What to do with Brandon Morrow

Ever since Brandon Morrow went down with a finger injury – just the latest in a string of injuries he suffered since coming over to the Jays – it was sort of assumed that his days with the Jays were numbered.

The team holds a $10 million option on him, with a $1 million buyout. When the deal was signed many thought the option was a no-brainer, as Morrow seemed like a pitcher on the verge of being a perennial all star. But since 2011 his innings pitched totals have decreased every year from 179 to where it will finish this year, somewhere in the 30s.

Morrow has made it known that he wants to start, and if the team declines his option he’ll likely seek a team that will give him a legit chance to start. Declining his option and signing him to a smaller dollar amount would be ideal, but considering the $1M buyout you’d have to go down to $5 or $6 million just to make it worthwhile. Some other team, and likely a team where Morrow starting is a better fit, will surely give him that at least.

I totally wouldn’t be against picking up his option. A one-year, $10 million lottery ticket is probably worth it. Hell, Josh Johnson got $8 million this year.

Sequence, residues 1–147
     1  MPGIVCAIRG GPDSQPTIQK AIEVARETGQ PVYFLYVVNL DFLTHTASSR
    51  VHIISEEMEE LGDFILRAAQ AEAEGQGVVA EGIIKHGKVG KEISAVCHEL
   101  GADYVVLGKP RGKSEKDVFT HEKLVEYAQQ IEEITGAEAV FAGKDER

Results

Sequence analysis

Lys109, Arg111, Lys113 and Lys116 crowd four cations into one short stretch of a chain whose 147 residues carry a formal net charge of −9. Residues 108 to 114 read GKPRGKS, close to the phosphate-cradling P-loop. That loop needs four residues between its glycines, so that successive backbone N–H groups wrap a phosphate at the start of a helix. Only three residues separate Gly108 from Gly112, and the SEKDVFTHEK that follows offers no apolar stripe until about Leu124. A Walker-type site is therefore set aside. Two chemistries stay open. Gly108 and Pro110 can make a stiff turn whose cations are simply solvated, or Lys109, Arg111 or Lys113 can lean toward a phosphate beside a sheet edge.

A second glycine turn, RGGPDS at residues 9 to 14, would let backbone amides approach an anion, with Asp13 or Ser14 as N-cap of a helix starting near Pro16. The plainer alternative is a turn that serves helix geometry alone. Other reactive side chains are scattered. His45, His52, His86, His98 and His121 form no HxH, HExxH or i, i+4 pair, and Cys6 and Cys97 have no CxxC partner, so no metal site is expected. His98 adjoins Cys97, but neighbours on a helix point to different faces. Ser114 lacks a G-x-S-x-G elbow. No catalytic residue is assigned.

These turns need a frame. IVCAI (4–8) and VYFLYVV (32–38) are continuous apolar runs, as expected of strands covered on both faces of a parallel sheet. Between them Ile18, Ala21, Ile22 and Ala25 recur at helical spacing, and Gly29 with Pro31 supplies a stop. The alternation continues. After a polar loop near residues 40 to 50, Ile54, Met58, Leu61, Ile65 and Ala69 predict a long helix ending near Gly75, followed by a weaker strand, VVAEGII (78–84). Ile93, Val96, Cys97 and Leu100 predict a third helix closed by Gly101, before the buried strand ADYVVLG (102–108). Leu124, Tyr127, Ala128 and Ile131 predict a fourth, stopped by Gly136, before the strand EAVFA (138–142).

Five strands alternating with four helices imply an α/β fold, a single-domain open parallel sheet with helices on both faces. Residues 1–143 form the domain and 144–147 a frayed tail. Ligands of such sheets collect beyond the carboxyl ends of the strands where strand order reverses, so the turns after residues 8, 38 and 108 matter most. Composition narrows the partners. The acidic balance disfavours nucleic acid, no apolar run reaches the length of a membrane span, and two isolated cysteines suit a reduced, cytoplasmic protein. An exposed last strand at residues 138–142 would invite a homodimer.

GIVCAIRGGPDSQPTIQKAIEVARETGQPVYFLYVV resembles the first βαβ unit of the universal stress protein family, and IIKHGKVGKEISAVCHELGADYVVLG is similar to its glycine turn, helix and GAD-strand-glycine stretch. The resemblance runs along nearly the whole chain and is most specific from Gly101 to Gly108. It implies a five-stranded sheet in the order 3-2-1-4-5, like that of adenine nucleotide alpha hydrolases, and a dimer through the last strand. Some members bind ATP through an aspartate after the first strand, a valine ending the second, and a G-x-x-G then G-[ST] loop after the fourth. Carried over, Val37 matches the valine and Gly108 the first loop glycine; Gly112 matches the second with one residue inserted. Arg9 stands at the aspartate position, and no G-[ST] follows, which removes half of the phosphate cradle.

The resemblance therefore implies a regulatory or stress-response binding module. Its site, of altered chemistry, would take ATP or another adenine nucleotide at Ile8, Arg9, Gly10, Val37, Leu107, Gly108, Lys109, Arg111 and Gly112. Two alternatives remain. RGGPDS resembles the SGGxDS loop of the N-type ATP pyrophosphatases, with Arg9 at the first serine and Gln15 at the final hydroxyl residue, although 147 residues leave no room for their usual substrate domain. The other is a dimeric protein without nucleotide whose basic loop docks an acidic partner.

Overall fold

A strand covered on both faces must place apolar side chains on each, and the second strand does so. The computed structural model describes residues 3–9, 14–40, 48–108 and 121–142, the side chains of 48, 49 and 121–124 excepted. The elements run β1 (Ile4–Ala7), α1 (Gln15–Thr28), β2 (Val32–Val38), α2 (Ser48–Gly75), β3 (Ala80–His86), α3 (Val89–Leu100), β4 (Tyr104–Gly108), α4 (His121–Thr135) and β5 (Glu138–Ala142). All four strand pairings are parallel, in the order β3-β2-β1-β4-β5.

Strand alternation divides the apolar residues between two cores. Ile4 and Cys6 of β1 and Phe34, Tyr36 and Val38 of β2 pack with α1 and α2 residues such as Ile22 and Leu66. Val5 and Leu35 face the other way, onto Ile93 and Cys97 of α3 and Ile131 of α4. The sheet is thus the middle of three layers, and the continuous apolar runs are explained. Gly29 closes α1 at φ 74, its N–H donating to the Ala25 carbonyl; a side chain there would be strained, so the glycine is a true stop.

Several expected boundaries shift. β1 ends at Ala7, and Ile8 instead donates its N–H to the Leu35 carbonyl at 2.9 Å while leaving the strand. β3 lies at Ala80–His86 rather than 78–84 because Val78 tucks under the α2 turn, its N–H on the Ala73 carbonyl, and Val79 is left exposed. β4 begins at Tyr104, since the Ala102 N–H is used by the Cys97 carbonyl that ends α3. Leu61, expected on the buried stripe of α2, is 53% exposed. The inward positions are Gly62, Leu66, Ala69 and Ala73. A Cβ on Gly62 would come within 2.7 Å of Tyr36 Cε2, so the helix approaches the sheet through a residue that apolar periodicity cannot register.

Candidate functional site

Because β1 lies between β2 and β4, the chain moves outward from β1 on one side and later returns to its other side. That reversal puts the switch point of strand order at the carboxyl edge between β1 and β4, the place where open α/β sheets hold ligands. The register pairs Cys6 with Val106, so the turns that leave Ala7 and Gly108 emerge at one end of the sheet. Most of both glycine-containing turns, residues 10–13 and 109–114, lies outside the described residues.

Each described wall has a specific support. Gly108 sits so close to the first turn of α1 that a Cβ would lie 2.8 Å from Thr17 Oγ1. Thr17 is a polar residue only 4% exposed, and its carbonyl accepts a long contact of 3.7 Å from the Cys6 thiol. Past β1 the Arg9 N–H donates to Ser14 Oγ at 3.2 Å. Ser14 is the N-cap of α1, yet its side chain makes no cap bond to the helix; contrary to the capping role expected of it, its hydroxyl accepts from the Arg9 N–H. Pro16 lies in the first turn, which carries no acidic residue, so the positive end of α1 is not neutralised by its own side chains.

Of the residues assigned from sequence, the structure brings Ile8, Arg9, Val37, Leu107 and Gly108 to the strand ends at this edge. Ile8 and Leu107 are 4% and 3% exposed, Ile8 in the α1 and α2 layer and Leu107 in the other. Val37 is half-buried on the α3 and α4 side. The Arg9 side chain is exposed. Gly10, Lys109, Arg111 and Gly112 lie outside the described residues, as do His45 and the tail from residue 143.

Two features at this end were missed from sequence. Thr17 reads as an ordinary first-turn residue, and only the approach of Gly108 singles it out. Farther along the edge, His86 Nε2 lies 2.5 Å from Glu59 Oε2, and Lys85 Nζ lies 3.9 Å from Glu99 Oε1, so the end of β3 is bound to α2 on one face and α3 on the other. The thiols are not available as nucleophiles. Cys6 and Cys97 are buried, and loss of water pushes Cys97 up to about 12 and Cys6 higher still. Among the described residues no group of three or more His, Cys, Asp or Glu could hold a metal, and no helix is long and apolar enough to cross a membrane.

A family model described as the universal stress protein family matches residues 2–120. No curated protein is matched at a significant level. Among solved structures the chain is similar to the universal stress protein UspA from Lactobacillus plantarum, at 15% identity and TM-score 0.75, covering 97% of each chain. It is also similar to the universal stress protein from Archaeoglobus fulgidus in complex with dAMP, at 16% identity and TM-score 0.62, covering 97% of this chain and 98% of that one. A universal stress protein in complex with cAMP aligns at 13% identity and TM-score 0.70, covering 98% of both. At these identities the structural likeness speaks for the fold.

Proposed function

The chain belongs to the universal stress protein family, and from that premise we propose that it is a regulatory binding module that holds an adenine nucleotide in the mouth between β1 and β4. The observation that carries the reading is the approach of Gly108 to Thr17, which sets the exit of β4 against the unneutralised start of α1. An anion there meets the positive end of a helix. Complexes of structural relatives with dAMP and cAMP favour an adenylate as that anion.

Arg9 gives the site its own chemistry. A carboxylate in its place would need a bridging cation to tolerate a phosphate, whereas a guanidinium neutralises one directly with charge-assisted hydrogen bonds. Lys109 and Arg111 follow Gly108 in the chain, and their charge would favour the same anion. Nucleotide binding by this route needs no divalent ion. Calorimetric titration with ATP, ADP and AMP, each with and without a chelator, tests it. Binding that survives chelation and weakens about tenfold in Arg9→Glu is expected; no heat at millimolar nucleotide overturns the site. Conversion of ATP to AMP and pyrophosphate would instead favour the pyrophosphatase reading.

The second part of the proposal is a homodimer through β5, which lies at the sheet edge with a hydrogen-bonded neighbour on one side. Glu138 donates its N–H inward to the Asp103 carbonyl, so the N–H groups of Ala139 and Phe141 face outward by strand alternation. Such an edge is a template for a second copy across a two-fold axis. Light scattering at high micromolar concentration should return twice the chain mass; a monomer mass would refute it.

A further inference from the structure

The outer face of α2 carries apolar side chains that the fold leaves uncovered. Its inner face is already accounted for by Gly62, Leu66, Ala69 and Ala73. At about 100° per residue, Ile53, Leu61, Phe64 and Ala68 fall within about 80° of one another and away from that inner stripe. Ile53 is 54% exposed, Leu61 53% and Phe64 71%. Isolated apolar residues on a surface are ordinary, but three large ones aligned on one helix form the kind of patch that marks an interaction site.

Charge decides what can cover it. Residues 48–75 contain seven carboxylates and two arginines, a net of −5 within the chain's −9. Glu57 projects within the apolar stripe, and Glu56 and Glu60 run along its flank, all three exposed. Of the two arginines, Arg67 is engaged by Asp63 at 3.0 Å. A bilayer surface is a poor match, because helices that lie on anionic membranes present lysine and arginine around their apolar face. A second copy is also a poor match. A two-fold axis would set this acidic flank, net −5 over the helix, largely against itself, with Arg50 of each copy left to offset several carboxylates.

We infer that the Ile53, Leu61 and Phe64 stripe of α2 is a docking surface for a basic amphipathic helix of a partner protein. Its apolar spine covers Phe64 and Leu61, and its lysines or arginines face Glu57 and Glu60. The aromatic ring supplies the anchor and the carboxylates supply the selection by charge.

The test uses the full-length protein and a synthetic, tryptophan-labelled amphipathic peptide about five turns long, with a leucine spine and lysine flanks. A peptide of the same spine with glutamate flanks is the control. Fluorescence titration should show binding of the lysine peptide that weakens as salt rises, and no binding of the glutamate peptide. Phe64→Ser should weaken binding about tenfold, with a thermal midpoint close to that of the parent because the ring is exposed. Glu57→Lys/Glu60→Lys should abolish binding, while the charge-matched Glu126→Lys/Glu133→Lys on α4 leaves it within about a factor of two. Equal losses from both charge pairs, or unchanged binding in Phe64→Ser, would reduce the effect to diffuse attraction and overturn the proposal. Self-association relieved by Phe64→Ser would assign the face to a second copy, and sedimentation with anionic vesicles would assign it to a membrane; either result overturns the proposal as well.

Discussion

Now this is all predicated on the assumption the team can spend that money on him and still have enough to resign Melky and get a solid upgrade in the infield. Those two certainly take precedence over Morrow’s option.

So, assuming that’s all doable, I’d pick up his option and tell him he’ll have a chance to compete for a rotation spot. Maybe you catch lightning in a bottle and finally get that full, healthy and productive season from him – which would go a long way for the Jays next year – or you throw him in the bullpen, where he likely becomes a productive, yet expensive bullpen piece.

And while it’s certainly high, $10 million for a reliever isn’t otherworldly.

But you don’t have to spin it that way. Assuming JA Happ’s option gets picked up you could look at it as spending $15 million on a reliever AND and rotation piece. Things become a little more palatable looking at it that way.

Brandon Morrow’s always been that tantalizing “if only” type player. Although his return this year has been brief, he’s shown he still has the arm. His fastball is averaging nearly 98 mph, and he’s sporting a nifty 2.13 FIP.

I’d take that gamble.

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